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The Social Security Act of 1935

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Introduction

The Social Security Act Of 1935 Before the 1930's, there was no support of the elderly, retired, unemployed or poor at the national government level. Any support to people who fell under this category was either a state, local or private matter. However, in 1935, President Franklin D. Roosevelt communicated to Congress the need for a national old-age insurance system, due to the general distress caused by the Great Depression. The result was an act called the Social Security Act Of 1935. This would be the first program of its kind anywhere in the world. The act provided for the general welfare of elderly people by forming a federal system of old age, disability, unemployment and poverty benefits. On the same day that President Franklin D. Roosevelt sent the message to Congress, two members of Congress, Senator Robert Wagner of New York and Representative David Lewis of Maryland introduced bills that reflected what the president had requested. These bills would become what we know today to be the Social Security Act of 1935. ...read more.

Middle

programs were created to help the very poor. The AFDC programs are referred to as means tested programs. These programs used statistics of what the average income of certain size families are to determine whether a family is above or below the poverty line. If the family's income is below the poverty line, they are eligible to receive AFDC. AFDC was often referred to as welfare, and was given to families with children, but no breadwinner. The major issues with The Social Security Act of 1935 were funding, and how it was to be run. Since there was no previous program elsewhere that even resembled this Act, there was no precedent to go by. It was decided that for the program called old age Insurance, employees that qualified would be obligated to pay a payroll tax. This payroll tax consisted of a 1% tax of the first $3,000 earned, for both the employee and employer to pay. Therefore, in effect, 2% tax was being paid to fund the old age insurance, now named simply, social security. ...read more.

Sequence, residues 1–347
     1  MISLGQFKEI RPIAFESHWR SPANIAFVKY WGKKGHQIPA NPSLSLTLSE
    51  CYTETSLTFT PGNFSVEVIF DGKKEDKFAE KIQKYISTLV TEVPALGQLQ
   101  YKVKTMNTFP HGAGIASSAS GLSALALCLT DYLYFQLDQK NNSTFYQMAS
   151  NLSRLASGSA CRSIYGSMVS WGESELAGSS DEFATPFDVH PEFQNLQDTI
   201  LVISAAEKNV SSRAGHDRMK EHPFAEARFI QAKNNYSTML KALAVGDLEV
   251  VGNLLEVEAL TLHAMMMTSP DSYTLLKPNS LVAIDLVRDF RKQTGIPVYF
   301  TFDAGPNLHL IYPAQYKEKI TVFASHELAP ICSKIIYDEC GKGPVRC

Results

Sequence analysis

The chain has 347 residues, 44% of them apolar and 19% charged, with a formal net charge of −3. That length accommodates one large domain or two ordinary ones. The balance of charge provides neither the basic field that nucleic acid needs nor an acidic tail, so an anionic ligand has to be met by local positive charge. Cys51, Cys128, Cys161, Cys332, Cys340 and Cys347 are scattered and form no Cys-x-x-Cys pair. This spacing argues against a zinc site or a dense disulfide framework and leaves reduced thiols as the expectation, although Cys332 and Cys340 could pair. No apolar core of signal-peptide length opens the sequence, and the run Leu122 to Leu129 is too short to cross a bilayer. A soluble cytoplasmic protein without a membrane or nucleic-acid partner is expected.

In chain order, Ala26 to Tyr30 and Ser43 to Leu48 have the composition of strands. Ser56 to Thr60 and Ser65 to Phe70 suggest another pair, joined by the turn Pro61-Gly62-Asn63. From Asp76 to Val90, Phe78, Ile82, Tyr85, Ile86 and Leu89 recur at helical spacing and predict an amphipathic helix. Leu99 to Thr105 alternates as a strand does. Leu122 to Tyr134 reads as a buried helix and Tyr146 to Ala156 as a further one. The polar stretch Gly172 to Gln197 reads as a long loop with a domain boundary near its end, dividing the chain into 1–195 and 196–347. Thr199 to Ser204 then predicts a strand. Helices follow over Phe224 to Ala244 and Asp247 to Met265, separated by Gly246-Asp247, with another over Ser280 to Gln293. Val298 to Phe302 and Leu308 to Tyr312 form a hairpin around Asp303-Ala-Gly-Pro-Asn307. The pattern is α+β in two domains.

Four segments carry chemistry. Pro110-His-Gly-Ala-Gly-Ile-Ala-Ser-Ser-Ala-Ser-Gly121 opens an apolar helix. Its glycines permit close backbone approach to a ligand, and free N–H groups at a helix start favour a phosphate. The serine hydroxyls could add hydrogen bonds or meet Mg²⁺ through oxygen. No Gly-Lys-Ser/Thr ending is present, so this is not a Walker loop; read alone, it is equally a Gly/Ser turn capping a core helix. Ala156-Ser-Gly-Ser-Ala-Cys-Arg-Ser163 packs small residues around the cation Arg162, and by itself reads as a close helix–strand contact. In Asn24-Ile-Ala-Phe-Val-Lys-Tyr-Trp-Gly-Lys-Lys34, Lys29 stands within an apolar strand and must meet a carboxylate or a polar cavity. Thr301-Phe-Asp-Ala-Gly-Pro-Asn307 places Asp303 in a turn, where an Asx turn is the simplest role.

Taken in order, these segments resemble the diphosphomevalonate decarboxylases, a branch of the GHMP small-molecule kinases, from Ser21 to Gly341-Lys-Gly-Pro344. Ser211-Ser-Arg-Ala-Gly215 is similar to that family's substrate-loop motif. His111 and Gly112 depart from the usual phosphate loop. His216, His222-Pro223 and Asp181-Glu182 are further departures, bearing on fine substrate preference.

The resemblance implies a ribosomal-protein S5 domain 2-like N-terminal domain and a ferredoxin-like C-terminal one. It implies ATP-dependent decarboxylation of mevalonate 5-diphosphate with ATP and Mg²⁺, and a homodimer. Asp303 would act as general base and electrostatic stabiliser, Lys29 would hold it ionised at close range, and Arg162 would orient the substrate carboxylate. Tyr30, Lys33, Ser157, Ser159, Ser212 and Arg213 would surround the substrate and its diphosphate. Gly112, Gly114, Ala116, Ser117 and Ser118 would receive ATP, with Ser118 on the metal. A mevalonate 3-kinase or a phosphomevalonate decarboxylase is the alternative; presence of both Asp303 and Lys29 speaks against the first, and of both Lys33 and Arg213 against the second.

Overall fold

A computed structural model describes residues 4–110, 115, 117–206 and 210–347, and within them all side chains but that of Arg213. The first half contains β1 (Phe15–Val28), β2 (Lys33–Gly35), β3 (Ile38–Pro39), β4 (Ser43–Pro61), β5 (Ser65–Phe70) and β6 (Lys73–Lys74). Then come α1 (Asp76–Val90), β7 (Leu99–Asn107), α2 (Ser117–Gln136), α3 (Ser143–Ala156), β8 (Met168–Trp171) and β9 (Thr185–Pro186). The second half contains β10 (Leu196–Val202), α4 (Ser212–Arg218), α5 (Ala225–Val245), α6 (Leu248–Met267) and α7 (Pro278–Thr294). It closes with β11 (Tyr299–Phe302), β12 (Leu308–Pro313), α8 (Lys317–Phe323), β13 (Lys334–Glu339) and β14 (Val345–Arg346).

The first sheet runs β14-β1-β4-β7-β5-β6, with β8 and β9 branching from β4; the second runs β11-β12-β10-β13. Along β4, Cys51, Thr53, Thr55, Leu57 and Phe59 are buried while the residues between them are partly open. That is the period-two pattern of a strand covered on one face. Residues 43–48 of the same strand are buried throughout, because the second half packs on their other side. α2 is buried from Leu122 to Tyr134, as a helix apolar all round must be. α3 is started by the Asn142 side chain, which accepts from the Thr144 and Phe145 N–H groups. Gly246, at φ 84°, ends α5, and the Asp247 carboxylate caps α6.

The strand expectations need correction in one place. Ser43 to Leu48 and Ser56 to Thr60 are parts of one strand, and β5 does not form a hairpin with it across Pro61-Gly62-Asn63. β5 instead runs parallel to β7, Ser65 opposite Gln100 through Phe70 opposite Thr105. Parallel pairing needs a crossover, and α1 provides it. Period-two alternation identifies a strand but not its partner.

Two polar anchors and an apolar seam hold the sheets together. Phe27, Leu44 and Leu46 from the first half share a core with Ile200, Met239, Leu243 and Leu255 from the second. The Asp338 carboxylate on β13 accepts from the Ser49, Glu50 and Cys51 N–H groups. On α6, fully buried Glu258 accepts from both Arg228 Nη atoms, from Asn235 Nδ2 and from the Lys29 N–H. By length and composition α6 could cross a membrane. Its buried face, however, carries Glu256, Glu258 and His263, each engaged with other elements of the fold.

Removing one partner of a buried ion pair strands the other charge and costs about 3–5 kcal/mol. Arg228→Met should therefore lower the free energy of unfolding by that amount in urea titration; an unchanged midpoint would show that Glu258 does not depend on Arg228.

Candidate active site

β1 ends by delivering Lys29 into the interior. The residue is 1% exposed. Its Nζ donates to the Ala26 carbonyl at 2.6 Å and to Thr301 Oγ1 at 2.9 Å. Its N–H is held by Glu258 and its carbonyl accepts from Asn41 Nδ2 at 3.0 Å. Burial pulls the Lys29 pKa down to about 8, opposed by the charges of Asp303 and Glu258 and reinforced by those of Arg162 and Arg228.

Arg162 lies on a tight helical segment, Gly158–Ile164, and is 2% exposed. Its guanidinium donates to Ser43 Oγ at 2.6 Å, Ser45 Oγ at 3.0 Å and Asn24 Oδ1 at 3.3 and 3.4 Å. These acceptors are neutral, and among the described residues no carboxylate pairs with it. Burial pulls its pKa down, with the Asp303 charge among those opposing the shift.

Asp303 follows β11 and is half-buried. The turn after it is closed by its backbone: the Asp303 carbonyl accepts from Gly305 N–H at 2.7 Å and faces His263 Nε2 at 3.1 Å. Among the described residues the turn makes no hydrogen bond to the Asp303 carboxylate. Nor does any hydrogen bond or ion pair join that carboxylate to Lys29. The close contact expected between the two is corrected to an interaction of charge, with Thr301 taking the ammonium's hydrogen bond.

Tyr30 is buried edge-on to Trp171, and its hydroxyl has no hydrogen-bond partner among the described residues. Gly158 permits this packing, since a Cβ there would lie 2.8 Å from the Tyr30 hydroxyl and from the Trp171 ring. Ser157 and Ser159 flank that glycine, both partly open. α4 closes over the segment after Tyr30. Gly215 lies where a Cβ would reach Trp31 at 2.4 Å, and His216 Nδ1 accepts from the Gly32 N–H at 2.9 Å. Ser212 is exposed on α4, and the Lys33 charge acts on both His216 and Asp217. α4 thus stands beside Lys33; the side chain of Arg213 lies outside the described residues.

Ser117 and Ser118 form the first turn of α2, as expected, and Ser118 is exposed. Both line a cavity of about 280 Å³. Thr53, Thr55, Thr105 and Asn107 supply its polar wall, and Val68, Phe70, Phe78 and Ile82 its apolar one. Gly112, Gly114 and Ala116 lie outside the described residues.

Conclusion

Over the years, it has become increasingly evident how important this act has become to the American people. The various programs included in The Social Security Act of 1935 have helped fight against poverty. They have done this by giving benefits to retirees over the age of 65, which in turn, reduces the amount of poverty among the elderly. In addition, the unemployment insurance program gives benefits to people who are out of work, but are unable to obtain a new job. Lastly, the AFDC programs help the poorest people who have children. These people all fall below the poverty line. Without this assistance, many of these families would be living in extremely bad conditions in extreme poverty. In conclusion, The Social Security Act of 1935 created different programs to give aid to certain groups. These groups included the poor, the elderly, the disabled and the unemployed. The main programs that were created were the entitlement programs, the old age insurance program, also called social security, the unemployment insurance program, and means tested programs including the AFDC programs. These programs were all created in hopes of helping the American society recover from the Great depression. ...read more.

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